Industry responds to Asahi's $16bn CUB acquisition
The industry has largely welcomed the decision by the ACCC this morning to approve the acquisition of Carlton & United Breweries by Asahi.
The Australian Competition & Consumer Commission this morning announced that it had approved the $16 billion acquisition following promises by Asahi that it would divest three of its cider brands and two of its beer brands.
Strongbow, Bonamy’s and Little Green Cider, as well as Stella Artois and Beck’s are to be offloaded by the Japanese-owned company.
Asahi said it welcomed today’s announcement that the ACCC would not be opposing the acquisition.
“We will now be putting in place steps to establish a standalone, independent business unit to help manage the divestment of these brands,” a spokesperson for Asahi said.
The deal still requires the approval of the Foreign Investment Review Board (FIRB) and Asahi said it will continue to work with the regulators towards this.
However it is unclear when the board will be able to consider the case, following an announcement at the end of last month from the federal government that it will now take up to six months – compared to 30 days previously -to consider each deal.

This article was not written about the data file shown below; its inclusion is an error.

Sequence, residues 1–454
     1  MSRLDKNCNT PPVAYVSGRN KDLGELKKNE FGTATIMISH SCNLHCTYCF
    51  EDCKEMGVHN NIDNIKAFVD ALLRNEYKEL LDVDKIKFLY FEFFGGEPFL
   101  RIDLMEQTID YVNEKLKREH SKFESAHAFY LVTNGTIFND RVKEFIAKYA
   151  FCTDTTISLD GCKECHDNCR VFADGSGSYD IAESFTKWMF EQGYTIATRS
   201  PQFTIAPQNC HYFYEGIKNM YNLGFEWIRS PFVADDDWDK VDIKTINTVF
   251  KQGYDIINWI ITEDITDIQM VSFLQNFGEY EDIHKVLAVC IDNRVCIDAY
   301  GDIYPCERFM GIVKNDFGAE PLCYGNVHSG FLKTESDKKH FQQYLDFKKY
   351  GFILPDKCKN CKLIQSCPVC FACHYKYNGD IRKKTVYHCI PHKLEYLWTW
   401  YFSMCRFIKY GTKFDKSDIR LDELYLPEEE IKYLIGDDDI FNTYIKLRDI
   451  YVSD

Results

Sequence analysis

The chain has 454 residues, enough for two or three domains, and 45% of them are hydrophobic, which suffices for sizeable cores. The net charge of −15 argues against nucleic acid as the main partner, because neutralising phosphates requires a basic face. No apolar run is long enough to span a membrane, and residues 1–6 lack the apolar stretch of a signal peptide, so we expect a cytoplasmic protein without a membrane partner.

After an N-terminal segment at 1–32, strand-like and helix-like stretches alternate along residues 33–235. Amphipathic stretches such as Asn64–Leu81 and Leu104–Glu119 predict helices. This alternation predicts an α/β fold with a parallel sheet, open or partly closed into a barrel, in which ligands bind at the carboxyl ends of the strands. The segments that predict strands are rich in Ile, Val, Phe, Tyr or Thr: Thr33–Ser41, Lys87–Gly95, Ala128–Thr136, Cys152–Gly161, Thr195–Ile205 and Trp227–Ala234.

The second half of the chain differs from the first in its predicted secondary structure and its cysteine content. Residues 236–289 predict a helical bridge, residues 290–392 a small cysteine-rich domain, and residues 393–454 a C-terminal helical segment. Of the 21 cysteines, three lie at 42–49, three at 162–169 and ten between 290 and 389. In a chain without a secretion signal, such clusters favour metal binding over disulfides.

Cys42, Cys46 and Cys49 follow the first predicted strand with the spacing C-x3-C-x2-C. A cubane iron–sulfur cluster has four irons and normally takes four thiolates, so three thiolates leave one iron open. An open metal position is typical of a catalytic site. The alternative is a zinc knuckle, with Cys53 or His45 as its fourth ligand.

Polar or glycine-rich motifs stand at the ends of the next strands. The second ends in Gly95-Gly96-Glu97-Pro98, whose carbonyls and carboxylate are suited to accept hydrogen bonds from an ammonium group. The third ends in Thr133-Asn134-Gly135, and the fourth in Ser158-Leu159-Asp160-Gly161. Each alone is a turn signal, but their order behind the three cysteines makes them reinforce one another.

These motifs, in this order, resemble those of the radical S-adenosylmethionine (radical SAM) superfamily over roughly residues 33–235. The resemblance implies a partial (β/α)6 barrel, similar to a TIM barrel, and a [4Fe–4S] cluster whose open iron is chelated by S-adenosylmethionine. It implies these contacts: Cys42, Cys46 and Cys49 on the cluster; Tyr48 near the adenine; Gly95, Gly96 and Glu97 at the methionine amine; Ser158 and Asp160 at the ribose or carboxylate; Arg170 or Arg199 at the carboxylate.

The government explained that measures have been put in place to “safeguard the national interest as the coronavirus outbreak puts intense pressure on the Australian economy and Australian businesses.”
The government did say it would prioritise applications for investments that protect and support Australian business and Australian jobs.
Cider Australia has been vocal about the process. Concerns about competition in the cider market were part of the reason that the ACCC decided to investigate the deal back in December 2019.
A combined Asahi-CUB company would control the Somersby, Strongbow, Mercury and Bulmers cider brands, which account for about two thirds of cider sales, it said at the time.
Sam Reid of Cider Australia however said that now that Asahi had agreed to divest a number of cider and beer brands to appease the regulator, it was a “great outcome” for the cider industry, which has also been recognised as its own distinct category rather than a subset under beer or other beverages.
“We’re hoping this could lead to an increase in innovation in the category, with potentially the original brand owner of Strongbow, Heineken entering the Australian market in a bigger way,” Reid said.
“They are the largest cider producer in the world and have a portfolio of great brands and a strong culture of innovation.”
The divestment of its cider brands will now bring the cider market share of the combined group to under 50 per cent.
The Independent Brewers Association has been contacted for their reaction but did not have a statement at the time of publication. It has subsequently provided a full statement.